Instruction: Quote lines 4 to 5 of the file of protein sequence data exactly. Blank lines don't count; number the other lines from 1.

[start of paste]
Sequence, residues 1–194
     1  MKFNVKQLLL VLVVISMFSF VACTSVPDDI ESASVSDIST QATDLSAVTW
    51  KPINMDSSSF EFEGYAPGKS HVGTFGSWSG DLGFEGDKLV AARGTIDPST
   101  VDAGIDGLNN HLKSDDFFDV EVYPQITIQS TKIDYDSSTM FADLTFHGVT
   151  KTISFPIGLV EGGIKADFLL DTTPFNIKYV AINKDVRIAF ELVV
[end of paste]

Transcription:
   101  VDAGIDGLNN HLKSDDFFDV EVYPQITIQS TKIDYDSSTM FADLTFHGVT
   151  KTISFPIGLV EGGIKADFLL DTTPFNIKYV AINKDVRIAF ELVV